never taken w hen Mell w.'nt to Pueblo.
The constitution alto -provides that a
vote must be tik.n at the next league
meeting following a transfer. So far a
can be learned from I lie reticent magnates
no auch vote was taken at the ChKago
meeting In November.
Frank Isbrll also la authority for the
statement that he signed no paper agree
ing to retain a Western league base ball
club in Pueblo for anv stated time, and
that he made no sucli oral agreement.
Had he t.gned a contra t agreeing to
ke-p the rluh In Pueblo It ou!d be void,
for the constitution of tlie W'Stcrn league
reres that rlnJit to the league.
If Pueblo hax any bga! rights to Hie
WiHilta club thfe who claim to know
something a.Kiut the law ssv they cannot
see them. Kvervone. however, agrevs
that PueKo may have some moral rights,
and that "IJttlc Pittsburgh" has N-en
used as a fir?t- la "goat. '
Kearney High is
Proud of Record
"Victory does not lie in the score, but
the good, consistent, hard fighting of the
team." Is lite Kearney High school team's
But recalling the record of the team
for ill I, It terms their motto doe not
ct. a Kearney High school. ; Ne
braska Htate normal. 17.
x t. IX-Kearney High school, U: Lex
ington Hlgll school, X
Oct. 2fr-Kcrney illgh school, li; Aurora
Utah school, a
Oct. :i-Keernev High school, Grand
Islsnd High school, 1
Nov J- Kearney High school, ; Ilsst
Ings High school. .
Nov. i;-Kearney High school, Grand
Island High school. .
Nov. J-Kearney High school, ; North
Platte High school. .
Nov. 3ft- Kearney High school. U; Kear
ney Military academy,
Kearney High echuol 77: opponents. 17:
touchdowns, Keerney High school, IS; op
Des Moines Lucky
in Its New Leader
Pa Rourke predicts s successful season
for the Pes Moines club under the lead
ership of Tom Fsirweathet. former owner
of the Sioux City team. He Is of the
belief that the team will enjoy Its most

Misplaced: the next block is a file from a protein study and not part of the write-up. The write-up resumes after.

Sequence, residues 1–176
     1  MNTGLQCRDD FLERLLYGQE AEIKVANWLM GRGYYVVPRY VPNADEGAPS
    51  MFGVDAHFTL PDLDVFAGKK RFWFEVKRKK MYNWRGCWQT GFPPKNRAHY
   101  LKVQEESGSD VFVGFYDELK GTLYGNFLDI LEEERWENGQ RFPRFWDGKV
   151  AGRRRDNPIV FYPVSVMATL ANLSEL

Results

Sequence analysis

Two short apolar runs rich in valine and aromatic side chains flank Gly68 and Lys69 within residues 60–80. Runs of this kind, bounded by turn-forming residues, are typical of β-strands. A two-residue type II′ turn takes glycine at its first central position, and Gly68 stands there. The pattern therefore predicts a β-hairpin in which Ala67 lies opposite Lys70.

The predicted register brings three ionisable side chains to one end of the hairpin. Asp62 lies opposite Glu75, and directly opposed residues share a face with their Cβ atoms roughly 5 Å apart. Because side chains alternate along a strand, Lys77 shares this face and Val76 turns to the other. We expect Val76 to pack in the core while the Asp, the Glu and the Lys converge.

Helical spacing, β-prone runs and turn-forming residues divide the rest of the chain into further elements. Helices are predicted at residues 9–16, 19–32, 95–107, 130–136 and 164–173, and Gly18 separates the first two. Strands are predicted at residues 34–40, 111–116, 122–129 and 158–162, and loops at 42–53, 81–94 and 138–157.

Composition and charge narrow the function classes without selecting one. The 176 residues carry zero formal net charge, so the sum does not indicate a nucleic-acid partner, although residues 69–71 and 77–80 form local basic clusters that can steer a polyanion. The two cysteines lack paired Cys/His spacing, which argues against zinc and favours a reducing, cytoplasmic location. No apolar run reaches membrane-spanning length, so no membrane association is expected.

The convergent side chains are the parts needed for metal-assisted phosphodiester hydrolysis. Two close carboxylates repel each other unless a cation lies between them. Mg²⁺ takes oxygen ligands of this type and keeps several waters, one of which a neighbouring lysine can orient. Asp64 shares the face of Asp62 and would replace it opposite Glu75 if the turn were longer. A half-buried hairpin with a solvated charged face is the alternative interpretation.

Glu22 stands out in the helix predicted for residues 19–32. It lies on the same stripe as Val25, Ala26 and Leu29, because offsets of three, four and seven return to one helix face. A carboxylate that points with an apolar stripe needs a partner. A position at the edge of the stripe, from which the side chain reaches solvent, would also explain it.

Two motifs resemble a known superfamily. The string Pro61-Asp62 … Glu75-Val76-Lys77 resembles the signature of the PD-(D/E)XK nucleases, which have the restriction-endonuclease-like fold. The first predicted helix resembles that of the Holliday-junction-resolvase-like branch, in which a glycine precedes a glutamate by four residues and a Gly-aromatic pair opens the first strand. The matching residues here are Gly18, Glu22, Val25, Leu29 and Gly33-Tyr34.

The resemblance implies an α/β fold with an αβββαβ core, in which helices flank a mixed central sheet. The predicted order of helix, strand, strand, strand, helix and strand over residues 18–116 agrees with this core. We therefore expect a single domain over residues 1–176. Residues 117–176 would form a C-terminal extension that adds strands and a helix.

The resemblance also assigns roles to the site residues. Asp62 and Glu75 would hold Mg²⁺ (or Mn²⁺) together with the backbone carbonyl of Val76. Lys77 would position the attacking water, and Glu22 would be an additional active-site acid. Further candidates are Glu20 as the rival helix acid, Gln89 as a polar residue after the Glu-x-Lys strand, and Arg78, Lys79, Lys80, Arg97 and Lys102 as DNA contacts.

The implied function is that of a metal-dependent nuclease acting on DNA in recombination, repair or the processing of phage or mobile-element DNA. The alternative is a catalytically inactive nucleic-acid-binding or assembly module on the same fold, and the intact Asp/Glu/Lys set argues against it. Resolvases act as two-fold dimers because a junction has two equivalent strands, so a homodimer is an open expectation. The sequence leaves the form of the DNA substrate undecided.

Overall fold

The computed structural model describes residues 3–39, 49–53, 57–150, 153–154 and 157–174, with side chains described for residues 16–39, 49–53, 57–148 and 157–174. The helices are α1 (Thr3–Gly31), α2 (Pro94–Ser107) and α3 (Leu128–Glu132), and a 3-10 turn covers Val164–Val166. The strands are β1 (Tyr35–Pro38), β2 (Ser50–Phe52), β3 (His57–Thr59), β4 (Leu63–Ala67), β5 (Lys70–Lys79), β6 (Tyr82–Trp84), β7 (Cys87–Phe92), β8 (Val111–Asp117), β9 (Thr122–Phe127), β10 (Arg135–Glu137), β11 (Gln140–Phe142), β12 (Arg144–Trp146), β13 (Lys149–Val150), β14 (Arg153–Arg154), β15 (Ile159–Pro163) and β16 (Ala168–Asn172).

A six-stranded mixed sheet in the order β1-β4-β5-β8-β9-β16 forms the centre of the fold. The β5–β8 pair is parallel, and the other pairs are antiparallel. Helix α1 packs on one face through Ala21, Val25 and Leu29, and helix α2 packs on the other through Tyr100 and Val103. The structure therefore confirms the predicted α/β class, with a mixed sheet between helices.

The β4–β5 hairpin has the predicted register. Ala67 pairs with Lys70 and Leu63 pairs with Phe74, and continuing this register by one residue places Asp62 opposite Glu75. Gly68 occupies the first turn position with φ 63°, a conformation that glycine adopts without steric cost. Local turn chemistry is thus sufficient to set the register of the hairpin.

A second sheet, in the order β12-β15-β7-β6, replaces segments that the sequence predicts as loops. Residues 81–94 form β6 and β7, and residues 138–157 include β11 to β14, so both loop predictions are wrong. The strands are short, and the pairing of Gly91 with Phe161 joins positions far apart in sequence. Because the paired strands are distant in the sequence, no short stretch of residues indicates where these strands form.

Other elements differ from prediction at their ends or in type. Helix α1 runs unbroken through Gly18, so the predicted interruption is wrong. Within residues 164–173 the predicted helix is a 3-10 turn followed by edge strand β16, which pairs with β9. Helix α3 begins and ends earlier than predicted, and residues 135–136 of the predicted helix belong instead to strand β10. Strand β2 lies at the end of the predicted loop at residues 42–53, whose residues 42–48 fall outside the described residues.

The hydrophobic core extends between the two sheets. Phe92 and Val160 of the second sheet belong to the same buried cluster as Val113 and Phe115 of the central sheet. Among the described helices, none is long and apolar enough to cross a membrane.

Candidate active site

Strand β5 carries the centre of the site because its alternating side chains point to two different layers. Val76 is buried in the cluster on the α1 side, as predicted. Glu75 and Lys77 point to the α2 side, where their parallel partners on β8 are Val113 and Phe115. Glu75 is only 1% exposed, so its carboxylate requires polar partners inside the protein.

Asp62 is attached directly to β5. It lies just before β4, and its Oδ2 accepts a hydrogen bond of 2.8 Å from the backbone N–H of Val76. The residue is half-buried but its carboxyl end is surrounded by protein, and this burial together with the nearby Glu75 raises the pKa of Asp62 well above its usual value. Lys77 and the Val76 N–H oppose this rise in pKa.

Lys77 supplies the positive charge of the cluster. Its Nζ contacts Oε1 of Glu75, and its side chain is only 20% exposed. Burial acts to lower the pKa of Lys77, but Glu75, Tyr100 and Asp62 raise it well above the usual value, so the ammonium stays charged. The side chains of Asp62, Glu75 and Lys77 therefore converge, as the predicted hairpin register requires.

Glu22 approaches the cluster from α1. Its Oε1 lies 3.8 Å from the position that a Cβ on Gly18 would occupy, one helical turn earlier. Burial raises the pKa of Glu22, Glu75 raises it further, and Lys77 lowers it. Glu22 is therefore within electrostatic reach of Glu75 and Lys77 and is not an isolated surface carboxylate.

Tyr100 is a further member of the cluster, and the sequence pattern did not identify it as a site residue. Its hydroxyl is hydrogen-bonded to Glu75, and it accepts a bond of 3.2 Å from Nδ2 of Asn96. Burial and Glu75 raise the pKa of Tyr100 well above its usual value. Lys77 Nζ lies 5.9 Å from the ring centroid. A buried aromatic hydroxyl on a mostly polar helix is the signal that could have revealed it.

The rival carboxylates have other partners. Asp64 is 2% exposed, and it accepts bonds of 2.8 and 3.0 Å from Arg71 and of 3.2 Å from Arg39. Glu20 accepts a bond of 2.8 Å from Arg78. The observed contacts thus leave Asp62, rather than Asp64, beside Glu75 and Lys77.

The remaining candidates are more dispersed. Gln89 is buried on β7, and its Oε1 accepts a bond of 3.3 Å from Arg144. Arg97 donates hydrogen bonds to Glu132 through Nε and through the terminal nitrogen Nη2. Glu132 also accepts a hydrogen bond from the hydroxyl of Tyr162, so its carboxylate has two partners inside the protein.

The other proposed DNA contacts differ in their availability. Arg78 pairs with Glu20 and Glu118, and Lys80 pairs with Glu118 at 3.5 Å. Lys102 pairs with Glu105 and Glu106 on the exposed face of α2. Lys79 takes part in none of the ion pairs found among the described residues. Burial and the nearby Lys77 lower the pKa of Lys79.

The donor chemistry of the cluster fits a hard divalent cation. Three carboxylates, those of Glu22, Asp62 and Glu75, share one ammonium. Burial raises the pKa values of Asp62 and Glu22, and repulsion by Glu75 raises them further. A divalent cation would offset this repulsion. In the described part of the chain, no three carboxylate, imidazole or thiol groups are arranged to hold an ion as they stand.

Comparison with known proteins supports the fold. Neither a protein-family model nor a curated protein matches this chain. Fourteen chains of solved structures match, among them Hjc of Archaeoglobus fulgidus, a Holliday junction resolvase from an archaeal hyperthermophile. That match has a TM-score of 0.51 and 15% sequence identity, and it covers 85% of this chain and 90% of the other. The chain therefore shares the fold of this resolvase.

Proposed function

prosperous season 'this yesr. The fsct
that Tom Is well knows and likewise
well liked about the circuit will go a
long way with making Des Moines s good
town for the nallnnel psetime. Tom Is s
l genial person and wherever he goes he
is welcomed with open arms. The big
rragnate Is a born base ball leader and
exercises rare Judgment when It come
to the handling and purchasing of bail
NEW YORK, Jan. .-Wlth tha college
oarsmen getting ready to begin their
early Indoor training for the race next
aeason, rowing expert In reviewing the
season of 111 can hand first honor to
Harvard. Yale and Harvard were
brought Into competition with the crew a
In the early season which later rowed
at Poughkeepsle, and the result of their
showed the superiority of the Crim
The last aeason waa marked by th re
entrants of Princeton Into Intercollegiate
rowing after an absence ot over a quar
ter of a orntury. By Ita tine perform
ance, in competition with the veterans.
Cornell and Yale. It Jumped Into the
limelight of th rawing world. College
rowing in the west also took a big boom,
and a big western regatta may be held
The outlook for this year la most bright
for even a greater college rowing year
than tha record breaking en ot Mi. All
ot tb crews will be on the rowing ma
chines In a few days. At Poughkeepsle
ths fight In all probability will be. aa it
waa last yesr, between Cornell and Co
lumbia. Courtney, as usual, ha an
abundance of good material, II haa
many veterans left.
For th first Urn In yeara Columbia
chances are moat encouraging at the be
ginning of th year. As a rule few men,